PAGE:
Intensity has been the most notable feature of the new championship season.With a quarter of the teams in Division One to be relegated, every result propels a team towards the title or the trap-door. Unlike in football, money is not at stake, at least not in the short term (memberships might decline long term for a county stuck in the second division), simply old-fashioned honour.
Thus the championship becomes ever more similar to Test cricket: attritional, too much so at times to be fun, but the nursery for international level. A complete contrast with its original purpose: into the Sixties only a few counties – Yorkshire, Surrey, perhaps a couple more – aimed to win the title, while the rest were content with taking the game around the counties and entertaining people.
The second feature of the first two rounds has been the low standard of batting. Outfields have been mid-season quick because of the dryness, and pitches are not what they used to be in April: the open invitation that the visiting county has to bowl first has eliminated the green seamer. Yet totals have been low, and Essex have made a strong start on their first division return by batting badly in only one innings of each game.
After Somerset had lost their opening game – against Essex – through such woeful batting that none of their players scored a fifty on a Taunton pitch where 280 would have been par, their coach, Matthew Maynard, wondered if the pre-season matches had been too easy. In their previous game, on the same pitch, Somerset had defeated Oxford MCCU by 506 runs.
Most counties have feasted on student bowling in late March and early April, then been taken aback by county attacks – sharpened up by quick bowlers of Kolpak and official overseas status.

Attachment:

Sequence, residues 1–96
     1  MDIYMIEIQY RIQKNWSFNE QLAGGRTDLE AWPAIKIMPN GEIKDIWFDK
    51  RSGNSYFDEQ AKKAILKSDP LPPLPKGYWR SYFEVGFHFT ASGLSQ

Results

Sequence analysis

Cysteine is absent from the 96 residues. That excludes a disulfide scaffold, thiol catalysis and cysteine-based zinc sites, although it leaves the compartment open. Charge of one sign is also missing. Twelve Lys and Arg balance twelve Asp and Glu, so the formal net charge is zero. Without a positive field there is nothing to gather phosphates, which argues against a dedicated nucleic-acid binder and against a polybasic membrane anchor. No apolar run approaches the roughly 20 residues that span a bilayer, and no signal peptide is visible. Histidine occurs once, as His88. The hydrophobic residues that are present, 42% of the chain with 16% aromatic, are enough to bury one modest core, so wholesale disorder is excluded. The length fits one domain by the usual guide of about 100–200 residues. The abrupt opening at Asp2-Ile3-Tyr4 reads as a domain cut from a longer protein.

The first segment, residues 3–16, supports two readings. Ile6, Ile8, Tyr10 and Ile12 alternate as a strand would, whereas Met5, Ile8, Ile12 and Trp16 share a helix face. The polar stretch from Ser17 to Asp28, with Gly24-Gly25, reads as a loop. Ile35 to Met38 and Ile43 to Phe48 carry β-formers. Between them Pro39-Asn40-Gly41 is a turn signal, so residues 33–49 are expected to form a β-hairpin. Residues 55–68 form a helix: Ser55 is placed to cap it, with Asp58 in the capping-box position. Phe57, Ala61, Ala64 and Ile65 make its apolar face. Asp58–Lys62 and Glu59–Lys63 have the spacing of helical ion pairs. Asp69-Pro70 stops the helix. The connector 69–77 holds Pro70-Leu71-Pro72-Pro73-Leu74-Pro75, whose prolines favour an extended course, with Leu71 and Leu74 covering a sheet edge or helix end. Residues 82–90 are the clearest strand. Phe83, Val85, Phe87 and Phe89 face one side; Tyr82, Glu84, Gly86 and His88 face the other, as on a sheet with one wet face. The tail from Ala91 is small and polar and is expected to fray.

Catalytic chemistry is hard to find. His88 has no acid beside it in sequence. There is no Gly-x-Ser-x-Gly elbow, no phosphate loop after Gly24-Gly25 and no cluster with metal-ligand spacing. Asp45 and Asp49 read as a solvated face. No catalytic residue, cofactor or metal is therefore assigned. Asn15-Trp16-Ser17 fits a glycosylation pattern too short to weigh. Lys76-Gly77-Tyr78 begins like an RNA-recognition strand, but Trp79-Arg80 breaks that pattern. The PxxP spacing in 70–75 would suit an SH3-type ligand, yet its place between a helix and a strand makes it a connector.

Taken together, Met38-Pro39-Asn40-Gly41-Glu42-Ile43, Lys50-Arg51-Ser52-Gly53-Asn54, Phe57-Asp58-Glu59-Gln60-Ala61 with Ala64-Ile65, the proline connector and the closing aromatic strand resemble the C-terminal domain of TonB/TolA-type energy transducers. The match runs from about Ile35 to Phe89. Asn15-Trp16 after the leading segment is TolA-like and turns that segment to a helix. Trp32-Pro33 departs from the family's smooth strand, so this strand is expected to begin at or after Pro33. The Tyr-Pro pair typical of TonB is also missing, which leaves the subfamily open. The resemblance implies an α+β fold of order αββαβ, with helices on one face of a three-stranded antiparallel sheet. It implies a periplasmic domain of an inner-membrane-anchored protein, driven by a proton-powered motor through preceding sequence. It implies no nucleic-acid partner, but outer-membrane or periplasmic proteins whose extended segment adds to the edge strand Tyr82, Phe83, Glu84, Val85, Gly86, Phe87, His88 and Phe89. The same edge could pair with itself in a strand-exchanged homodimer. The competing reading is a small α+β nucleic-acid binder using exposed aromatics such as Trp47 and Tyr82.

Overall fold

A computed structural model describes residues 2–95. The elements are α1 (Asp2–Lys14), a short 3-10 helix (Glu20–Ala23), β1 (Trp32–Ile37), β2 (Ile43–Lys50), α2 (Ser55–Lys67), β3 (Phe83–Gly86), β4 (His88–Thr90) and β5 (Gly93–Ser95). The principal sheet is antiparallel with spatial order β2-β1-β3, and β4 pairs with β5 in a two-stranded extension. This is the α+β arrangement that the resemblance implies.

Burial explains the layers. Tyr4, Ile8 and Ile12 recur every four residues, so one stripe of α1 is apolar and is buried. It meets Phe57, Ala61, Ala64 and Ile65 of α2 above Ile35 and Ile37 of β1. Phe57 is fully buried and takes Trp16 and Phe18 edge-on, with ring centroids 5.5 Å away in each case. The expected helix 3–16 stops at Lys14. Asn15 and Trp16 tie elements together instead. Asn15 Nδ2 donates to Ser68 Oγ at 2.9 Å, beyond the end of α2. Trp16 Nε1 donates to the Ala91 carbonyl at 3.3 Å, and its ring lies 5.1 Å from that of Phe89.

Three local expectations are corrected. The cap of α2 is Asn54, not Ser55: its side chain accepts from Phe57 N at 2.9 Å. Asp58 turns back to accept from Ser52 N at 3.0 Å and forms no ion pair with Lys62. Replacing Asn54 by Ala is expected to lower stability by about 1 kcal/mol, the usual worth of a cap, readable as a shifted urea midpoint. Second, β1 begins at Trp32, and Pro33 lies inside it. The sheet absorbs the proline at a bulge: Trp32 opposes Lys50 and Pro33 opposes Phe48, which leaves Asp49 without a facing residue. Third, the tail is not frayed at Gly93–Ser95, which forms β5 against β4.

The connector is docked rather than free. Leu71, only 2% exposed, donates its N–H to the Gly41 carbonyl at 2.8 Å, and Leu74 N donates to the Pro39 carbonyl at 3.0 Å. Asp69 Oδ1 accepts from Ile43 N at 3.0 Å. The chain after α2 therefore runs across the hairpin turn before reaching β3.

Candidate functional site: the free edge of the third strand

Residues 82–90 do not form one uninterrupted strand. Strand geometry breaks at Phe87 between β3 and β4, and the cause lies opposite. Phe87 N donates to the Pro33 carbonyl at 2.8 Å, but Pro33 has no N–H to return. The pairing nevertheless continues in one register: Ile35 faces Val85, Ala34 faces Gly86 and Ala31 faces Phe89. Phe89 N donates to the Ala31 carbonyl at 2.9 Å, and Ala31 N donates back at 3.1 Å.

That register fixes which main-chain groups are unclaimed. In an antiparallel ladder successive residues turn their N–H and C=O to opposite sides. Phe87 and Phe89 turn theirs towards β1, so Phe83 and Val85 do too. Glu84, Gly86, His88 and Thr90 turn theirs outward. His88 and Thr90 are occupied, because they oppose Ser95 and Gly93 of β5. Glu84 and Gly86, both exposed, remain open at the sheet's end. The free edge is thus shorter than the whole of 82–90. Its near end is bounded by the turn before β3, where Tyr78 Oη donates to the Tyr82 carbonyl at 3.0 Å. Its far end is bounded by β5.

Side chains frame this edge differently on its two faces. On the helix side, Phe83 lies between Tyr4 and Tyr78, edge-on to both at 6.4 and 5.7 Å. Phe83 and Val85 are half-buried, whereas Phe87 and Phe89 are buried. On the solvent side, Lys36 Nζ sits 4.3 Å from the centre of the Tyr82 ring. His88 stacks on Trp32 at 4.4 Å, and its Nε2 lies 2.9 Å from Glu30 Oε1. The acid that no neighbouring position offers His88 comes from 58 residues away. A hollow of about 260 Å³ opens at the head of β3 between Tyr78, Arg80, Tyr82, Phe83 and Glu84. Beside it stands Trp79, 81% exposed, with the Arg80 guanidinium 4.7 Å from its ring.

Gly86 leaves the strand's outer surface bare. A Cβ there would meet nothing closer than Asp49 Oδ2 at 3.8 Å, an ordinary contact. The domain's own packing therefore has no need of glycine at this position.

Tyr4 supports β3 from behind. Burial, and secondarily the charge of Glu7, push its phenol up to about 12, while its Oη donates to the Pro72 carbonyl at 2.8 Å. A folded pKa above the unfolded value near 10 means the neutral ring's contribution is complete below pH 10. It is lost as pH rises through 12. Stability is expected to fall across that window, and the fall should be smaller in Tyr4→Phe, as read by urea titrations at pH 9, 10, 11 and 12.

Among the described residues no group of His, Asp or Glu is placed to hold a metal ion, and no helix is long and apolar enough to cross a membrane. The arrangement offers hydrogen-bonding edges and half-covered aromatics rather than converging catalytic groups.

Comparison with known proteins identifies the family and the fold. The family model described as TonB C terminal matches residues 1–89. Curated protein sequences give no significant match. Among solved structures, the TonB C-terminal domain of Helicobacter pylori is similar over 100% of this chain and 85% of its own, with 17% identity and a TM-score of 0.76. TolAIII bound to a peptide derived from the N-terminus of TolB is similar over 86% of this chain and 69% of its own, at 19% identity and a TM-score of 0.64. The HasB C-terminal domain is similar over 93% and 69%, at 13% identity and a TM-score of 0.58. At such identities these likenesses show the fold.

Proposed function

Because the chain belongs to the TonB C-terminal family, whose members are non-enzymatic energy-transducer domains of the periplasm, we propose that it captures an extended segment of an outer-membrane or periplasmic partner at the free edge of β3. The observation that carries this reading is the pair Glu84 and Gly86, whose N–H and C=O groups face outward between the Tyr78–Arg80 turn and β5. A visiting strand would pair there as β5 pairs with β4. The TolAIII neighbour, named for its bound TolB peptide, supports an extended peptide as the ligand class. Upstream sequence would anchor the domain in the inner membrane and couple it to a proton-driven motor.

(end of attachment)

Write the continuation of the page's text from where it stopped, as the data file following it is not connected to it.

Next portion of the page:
Warwickshire seemed to be settling in when they made merry against Oxford in the Parks, only for their batting to disintegrate, apart from Jonathan Trott’s century in the second innings at the Kia Oval as Surrey made their early move for pole position. The first-class status of six universities sponsored by MCC is just as anomalous as it was when bestowed on Oxford and Cambridge after they had been shorn of athletes and national servicemen. Loughborough MCCU have competed admirably with counties this spring, but not the other five universities.
It is equally absurd that the first two games played by each of the six MCCUs should be first-class but, just after they have warmed up, no more. Thus Oxford’s game against Warwickshire was nominally first-class, yet not their next against Somerset. The England and Wales Cricket Board should award first-class status to Universities North and to Universities South, for every three-day game they play, and that is it.
So far, therefore, all the more emphasis in the championship has been on opening the innings, and setting the right tone, and making a platform not only for the other specialist batsmen but also – another increasing similarity with Test cricket – for the bowlers who make crucial contributions with the bat, as Yorkshire’s do when marshalled by Tim Bresnan.
Warwickshire are bottom of Division One largely as a result of their opening pair having a highest partnership of 10. Their vaunted middle order needs more protection from William Porterfield, who has found county cricket a step or two higher than first-class matches for Ireland: he has made only two centuries and averaged 26 for Warwickshire.
In Division Two, life has been grim for Glamorgan, who have taken less than 4½ days to lose twice, and for Leicestershire and Durham, who are still in the red. All of Leicestershire’s gains from last summer seem to have gone out of the window, along with their head coach, Andrew McDonald, and their opening batsman, Angus Robson, who should have been a pillar instead of moving to Sussex. Durham, in spite of their 48-point penalty, will not finish bottom at least.
In contrast, Northamptonshire continue on their merry way, the only county apart from Kent and Nottinghamshire to have won both of their opening games.
“My chubster line has caused a few giggles in the camp,” said their head coach David Ripley, after he had told The Daily Telegraph that “chubster” was the term for several of his players who were well-rounded cricketers. And an ample physique was anything but a handicap when they needed two off their last two balls to defeat Derbyshire, and Rory Kleinveldt ran down the pitch to strike the penultimate for six.